Every pending free agent in baseball wants to be like Carlos Beltran.
In 2004, Beltran went on an absolute tear for the Houston Astros in the playoffs and carried the team to the World Series, turning that performance into a seven-year, $119 million deal with the New York Mets prior to the 2005 season. (h/t ESPN)
Like I said, everyone wants to be like Carlos.
For these three players, they're about to learn what happens when you don't perform in the playoffs—and how costly a lesson that can be.
Josh Hamilton, OF, Texas Rangers
There's no disputing that 31-year-old Josh Hamilton was going to command an annual salary between $20-to-$25 million, but no general manager who enjoys their job was going to risk giving him anything more than a two- or three-year deal before the playoffs began.
There was never any chance of Hamilton pulling down an Albert Pujols-like deal this winter. None.
Especially after his lackluster play down the stretch run of the regular season, culminating with his lazy error in the final game of the regular season against the Oakland A's with the AL West crown on the line.
But Hamilton didn't show up once again in the Wild Card Game against the Baltimore Orioles. Down 1-0 in the bottom of the first inning with runners on the corners and nobody out, Hamilton hit into a double play. Sure, it scored the run, but it was indicative of the way his regular season ended.
Josh Hamilton is going to get paid. But at this point, a three-year deal that averages $20 million a season is probably the high-end of the offers that he can expect to receive,
Nick Swisher, RF, New York Yankees
Back in August, CBS Sports' Jon Heyman reported that Nick Swisher was looking for a multi-year deal that exceeded $100 million, similar to the seven-year, $126-million deal that Jayson Werth inked with the Washington Nationals prior to the 2011 season. (h/t CBS Sports)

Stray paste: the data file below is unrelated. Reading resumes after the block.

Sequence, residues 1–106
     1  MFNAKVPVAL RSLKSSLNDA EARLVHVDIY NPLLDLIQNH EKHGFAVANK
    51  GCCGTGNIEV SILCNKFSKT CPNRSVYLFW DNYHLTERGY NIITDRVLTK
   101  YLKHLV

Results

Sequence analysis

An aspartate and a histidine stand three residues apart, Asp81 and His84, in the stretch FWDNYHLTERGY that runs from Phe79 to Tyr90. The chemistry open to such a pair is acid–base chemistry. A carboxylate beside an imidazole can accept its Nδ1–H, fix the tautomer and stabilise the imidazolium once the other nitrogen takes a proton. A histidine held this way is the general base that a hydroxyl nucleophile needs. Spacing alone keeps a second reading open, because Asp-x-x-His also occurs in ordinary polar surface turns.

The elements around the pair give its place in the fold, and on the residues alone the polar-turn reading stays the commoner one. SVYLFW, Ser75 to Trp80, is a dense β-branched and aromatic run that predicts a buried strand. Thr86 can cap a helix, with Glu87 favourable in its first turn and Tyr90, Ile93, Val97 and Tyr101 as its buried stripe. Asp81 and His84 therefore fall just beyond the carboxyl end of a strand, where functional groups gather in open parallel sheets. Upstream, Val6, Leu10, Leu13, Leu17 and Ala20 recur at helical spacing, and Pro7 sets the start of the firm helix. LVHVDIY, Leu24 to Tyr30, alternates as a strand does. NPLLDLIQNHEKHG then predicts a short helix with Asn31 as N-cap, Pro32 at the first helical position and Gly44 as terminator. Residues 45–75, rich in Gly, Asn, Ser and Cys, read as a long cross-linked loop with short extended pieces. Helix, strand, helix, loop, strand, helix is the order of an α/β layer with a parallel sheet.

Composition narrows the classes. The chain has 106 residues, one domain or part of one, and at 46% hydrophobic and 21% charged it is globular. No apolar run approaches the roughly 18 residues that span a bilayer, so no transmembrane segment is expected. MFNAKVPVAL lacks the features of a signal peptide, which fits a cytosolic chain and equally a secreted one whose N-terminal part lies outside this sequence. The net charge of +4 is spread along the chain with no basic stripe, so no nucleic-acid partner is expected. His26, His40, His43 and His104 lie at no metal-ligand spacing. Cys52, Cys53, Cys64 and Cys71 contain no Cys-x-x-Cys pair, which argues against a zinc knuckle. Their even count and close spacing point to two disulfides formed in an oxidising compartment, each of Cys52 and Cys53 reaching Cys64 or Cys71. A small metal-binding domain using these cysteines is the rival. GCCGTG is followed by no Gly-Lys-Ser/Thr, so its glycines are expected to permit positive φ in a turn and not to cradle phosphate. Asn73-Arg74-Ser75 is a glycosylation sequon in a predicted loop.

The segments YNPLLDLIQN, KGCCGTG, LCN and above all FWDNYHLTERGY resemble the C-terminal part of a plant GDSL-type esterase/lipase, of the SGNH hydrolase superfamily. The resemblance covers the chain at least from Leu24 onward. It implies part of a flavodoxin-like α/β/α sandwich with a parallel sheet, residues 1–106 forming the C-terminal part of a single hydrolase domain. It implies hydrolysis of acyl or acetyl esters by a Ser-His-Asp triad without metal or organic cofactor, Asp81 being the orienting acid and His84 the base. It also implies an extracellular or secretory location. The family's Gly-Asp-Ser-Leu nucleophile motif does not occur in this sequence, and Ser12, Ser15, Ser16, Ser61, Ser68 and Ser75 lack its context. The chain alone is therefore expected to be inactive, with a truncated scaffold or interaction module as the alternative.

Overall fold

That's not going to happen, especially after Swisher's postseason struggles continued in 2012, where Swisher posted a .167/.235/.233 batting line with two RBI and 10 strikeouts in eight games.
I've used this example for Swisher previously, and it's really quite telling:
Player X: 146 G, .284/.361/.473, 21 HR, 85 RBI
Swisher: 150 G, .268/.367/.483, 26 HR, 87 RBI
So tell me—who is Player X?
Player X is the Los Angeles Dodgers' Andre Ethier, the same player who signed a five-year, $85 million extension with the Dodgers earlier in the 2012 season.
If you are basing Swisher's value on regular-season numbers alone, then there's no disputing that he's worthy of the same deal Ethier got.
But you have to take the postseason into account, and Swisher disappears when the games matter the most.
Ethier's extension works out to an average annual salary of $17 million.
With qualifying offers for free agents being $13.5 million this winter, Swisher is going to wind up seeing offers that pay closer to the qualifying offer than they do Ethier's annual salary.
Kyle Lohse, RHP, St. Louis Cardinals
Kyle Lohse had himself a phenomenal regular season, posting a 16-3 record and 2.86 ERA over 211 innings of work, the highest number of the 34-year-old's career.
Therein lies the issue.
Lohse was a mediocre pitcher up until last year, and while his two-year run of success has been impressive, if I'm a general manager, I'm not rushing out to give him a three- or four-year deal at $15 million a season.
He doesn't have a lengthy track record of success and I'd point to his last two playoff starts as a red flag. Lohse allowed six earned runs and 13 hits over his last 7.2 innings of work, walking six and striking out only three.
So was that a result of simply hitting a wall, or is that a forewarning of things to come?
ESPN's Buster Olney wrote earlier this month that some unnamed executives expect Lohse to get between $60-to-$75 million on the open market. (h/t ESPN)
After witnessing his collapse in the biggest game of the Cardinals' season, those numbers seem a bit on the high side.